The effects of opiate use and hepatitis c virus infection on risk of diabetes mellitus in the women's interagency HIV study

Andrea A. Howard, Donald R. Hoover, Kathryn Anastos, Xi Wu, Qiuhu Shi, Howard Strickler, Stephen R. Cole, Mardge H. Cohen, Andrea Kovacs, Michael Augenbraun, Patricia S. Latham, Phyllis C. Tien

Research output: Contribution to journalArticle

23 Citations (Scopus)

Abstract

BACKGROUND: Opiate use is common in HIV-infected and hepatitis C virus (HCV)-infected individuals, however, its contribution to the risk of diabetes mellitus is not well understood. METHODS: Prospective study of 1713 HIV-infected and 652 HIV-uninfected participants from the Women's Interagency HIV Study between October 2000 and March 2006. Diabetes defined as fasting glucose ≥126 mg/dL, self report of diabetes medication use, or confirmed diabetes diagnosis. Opiate use determined using an interviewer-administered questionnaire. Detectable plasma HCV RNA confirmed HCV infection. RESULTS: Current opiate users had a higher prevalence of diabetes (15%) than nonusers (10%, P = 0.03), and a higher risk of incident diabetes (adjusted relative hazard: 1.58, 95% confidence interval: 1.01 to 2.46), after controlling for HCV infection, HIV/antiretroviral therapy status, and diabetes risk factors including age, race/ethnicity, family history of diabetes, and body mass index. HCV infection was also an independent risk factor for diabetes (adjusted relative hazard: 1.61, 95% confidence interval: 1.02 to 2.52). HCV-infected women reporting current opiate use had the highest diabetes incidence (4.83 cases per 100 person-years). CONCLUSIONS: Among women with or at-risk for HIV, opiate use is associated with increased diabetes risk independently of HCV infection. Diabetic screening should be part of care for opiate users and those infected with HCV.

Original languageEnglish (US)
Pages (from-to)152-159
Number of pages8
JournalJournal of Acquired Immune Deficiency Syndromes
Volume54
Issue number2
DOIs
StatePublished - Jun 1 2010

Fingerprint

Opiate Alkaloids
Hepatitis Viruses
Virus Diseases
Hepacivirus
Diabetes Mellitus
HIV
Confidence Intervals
Self Report
Fasting
Body Mass Index
Prospective Studies
RNA
Interviews

Keywords

  • Diabetes mellitus
  • Fasting glucose
  • Hepatitis C virus
  • HIV
  • Opiate use
  • Women

ASJC Scopus subject areas

  • Infectious Diseases
  • Pharmacology (medical)

Cite this

The effects of opiate use and hepatitis c virus infection on risk of diabetes mellitus in the women's interagency HIV study. / Howard, Andrea A.; Hoover, Donald R.; Anastos, Kathryn; Wu, Xi; Shi, Qiuhu; Strickler, Howard; Cole, Stephen R.; Cohen, Mardge H.; Kovacs, Andrea; Augenbraun, Michael; Latham, Patricia S.; Tien, Phyllis C.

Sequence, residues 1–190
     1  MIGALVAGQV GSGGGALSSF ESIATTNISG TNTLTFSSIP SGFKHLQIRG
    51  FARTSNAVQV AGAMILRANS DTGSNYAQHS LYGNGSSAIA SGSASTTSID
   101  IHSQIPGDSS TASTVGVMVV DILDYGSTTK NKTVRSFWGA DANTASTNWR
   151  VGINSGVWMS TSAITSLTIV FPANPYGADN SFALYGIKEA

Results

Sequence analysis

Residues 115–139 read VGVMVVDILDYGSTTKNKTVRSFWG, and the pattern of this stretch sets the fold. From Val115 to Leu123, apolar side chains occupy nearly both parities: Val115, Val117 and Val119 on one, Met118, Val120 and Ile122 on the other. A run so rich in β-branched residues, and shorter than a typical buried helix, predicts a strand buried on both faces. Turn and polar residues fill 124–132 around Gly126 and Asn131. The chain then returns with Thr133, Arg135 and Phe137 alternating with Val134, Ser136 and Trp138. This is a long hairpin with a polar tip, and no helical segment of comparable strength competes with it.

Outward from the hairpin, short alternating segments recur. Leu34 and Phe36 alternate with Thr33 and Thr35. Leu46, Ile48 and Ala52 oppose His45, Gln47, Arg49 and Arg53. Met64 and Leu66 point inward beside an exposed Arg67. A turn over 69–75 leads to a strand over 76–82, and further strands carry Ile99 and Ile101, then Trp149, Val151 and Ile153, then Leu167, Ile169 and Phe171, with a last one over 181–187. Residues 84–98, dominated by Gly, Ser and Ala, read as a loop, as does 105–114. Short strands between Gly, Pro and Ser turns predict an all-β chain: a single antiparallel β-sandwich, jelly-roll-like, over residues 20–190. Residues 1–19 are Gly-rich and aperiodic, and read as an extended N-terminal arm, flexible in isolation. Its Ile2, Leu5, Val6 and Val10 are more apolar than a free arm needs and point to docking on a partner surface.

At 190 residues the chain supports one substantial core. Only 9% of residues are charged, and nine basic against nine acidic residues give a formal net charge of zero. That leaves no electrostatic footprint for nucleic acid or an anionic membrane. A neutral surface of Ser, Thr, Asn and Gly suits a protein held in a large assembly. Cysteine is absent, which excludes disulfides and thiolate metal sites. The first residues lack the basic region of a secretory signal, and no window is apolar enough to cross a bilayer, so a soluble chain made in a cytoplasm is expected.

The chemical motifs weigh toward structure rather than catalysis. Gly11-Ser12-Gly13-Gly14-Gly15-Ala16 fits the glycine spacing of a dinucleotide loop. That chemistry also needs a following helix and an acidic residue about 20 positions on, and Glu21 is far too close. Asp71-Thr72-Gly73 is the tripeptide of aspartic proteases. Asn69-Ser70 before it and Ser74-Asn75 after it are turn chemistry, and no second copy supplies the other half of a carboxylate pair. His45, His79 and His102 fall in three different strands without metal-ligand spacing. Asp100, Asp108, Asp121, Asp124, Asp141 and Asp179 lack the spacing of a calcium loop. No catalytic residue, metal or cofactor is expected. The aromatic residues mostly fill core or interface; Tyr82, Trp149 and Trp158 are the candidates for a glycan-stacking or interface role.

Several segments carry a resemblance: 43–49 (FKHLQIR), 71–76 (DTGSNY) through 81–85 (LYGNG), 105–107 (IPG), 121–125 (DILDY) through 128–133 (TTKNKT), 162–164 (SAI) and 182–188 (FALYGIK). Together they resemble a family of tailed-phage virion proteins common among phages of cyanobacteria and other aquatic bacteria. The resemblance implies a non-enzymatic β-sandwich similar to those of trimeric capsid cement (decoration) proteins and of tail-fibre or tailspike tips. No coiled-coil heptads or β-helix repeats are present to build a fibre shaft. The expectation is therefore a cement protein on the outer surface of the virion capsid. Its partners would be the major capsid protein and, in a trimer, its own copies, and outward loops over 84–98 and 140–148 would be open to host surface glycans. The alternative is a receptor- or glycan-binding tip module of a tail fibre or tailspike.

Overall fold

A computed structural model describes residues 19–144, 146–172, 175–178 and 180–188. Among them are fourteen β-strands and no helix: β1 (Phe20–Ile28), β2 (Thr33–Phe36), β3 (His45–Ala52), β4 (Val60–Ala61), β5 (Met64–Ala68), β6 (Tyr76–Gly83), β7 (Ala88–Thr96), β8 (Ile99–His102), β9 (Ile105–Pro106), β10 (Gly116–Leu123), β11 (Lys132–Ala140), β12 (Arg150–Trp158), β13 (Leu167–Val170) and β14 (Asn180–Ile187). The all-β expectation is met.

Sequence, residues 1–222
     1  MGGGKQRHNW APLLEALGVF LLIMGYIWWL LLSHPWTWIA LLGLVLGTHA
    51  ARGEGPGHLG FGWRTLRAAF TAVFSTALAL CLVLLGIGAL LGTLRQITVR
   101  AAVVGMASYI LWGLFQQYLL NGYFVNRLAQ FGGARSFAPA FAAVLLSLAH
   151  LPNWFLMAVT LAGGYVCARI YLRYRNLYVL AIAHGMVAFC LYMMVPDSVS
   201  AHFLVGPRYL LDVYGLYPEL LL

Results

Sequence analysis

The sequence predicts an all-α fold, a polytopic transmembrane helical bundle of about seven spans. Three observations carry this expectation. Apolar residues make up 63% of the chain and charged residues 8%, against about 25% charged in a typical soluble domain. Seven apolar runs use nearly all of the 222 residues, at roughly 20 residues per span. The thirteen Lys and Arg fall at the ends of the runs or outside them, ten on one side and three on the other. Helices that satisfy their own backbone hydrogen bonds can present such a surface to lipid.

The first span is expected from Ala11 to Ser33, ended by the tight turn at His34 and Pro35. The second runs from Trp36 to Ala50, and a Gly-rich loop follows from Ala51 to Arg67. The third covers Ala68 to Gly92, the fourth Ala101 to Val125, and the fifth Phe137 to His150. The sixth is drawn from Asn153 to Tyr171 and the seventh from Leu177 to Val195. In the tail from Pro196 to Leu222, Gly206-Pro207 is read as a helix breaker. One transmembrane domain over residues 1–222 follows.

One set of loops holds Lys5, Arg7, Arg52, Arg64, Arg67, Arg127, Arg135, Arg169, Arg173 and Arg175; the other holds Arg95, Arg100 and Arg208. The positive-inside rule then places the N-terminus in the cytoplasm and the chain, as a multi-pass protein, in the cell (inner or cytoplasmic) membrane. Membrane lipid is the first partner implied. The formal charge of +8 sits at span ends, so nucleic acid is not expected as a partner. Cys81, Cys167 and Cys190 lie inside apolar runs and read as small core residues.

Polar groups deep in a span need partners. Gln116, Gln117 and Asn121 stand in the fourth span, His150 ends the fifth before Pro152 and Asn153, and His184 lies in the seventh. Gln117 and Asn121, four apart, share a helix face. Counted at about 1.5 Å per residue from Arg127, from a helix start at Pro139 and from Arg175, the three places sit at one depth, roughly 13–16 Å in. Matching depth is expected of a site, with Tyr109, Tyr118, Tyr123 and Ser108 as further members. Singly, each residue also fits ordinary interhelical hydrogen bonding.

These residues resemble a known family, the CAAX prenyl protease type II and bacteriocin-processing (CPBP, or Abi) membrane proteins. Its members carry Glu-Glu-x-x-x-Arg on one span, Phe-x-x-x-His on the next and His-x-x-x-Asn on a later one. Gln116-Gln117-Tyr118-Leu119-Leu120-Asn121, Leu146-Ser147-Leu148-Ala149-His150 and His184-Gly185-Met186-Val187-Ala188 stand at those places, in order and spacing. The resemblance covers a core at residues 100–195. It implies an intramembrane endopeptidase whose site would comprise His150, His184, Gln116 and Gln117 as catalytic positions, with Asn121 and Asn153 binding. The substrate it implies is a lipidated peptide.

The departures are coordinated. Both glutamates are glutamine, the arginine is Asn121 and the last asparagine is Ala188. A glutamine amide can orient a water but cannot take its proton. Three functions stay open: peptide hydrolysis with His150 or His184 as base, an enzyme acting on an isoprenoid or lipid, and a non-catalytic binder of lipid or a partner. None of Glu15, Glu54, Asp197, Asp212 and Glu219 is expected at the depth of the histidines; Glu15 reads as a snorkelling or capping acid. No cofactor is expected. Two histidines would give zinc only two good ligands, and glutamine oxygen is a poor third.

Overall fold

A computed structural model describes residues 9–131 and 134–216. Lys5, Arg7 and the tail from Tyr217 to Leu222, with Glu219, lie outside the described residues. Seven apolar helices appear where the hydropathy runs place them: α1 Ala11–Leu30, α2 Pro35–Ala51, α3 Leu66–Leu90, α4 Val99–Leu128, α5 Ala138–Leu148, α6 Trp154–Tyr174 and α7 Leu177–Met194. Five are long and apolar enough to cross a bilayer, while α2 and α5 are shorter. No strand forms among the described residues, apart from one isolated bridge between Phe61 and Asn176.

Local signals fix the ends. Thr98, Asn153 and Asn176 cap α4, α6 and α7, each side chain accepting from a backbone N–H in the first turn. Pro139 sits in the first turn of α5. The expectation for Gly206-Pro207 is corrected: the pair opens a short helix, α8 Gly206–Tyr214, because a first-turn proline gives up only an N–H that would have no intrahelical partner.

In: Journal of Acquired Immune Deficiency Syndromes, Vol. 54, No. 2, 01.06.2010, p. 152-159.

Research output: Contribution to journalArticle

Howard, Andrea A. ; Hoover, Donald R. ; Anastos, Kathryn ; Wu, Xi ; Shi, Qiuhu ; Strickler, Howard ; Cole, Stephen R. ; Cohen, Mardge H. ; Kovacs, Andrea ; Augenbraun, Michael ; Latham, Patricia S. ; Tien, Phyllis C. / The effects of opiate use and hepatitis c virus infection on risk of diabetes mellitus in the women's interagency HIV study. In: Journal of Acquired Immune Deficiency Syndromes. 2010 ; Vol. 54, No. 2. pp. 152-159.
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abstract = "BACKGROUND: Opiate use is common in HIV-infected and hepatitis C virus (HCV)-infected individuals, however, its contribution to the risk of diabetes mellitus is not well understood. METHODS: Prospective study of 1713 HIV-infected and 652 HIV-uninfected participants from the Women's Interagency HIV Study between October 2000 and March 2006. Diabetes defined as fasting glucose ≥126 mg/dL, self report of diabetes medication use, or confirmed diabetes diagnosis. Opiate use determined using an interviewer-administered questionnaire. Detectable plasma HCV RNA confirmed HCV infection. RESULTS: Current opiate users had a higher prevalence of diabetes (15{\%}) than nonusers (10{\%}, P = 0.03), and a higher risk of incident diabetes (adjusted relative hazard: 1.58, 95{\%} confidence interval: 1.01 to 2.46), after controlling for HCV infection, HIV/antiretroviral therapy status, and diabetes risk factors including age, race/ethnicity, family history of diabetes, and body mass index. HCV infection was also an independent risk factor for diabetes (adjusted relative hazard: 1.61, 95{\%} confidence interval: 1.02 to 2.52). HCV-infected women reporting current opiate use had the highest diabetes incidence (4.83 cases per 100 person-years). CONCLUSIONS: Among women with or at-risk for HIV, opiate use is associated with increased diabetes risk independently of HCV infection. Diabetic screening should be part of care for opiate users and those infected with HCV.",
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AU - Hoover, Donald R.

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AU - Wu, Xi

AU - Shi, Qiuhu

AU - Strickler, Howard

AU - Cole, Stephen R.

AU - Cohen, Mardge H.

AU - Kovacs, Andrea

AU - Augenbraun, Michael

AU - Latham, Patricia S.

AU - Tien, Phyllis C.

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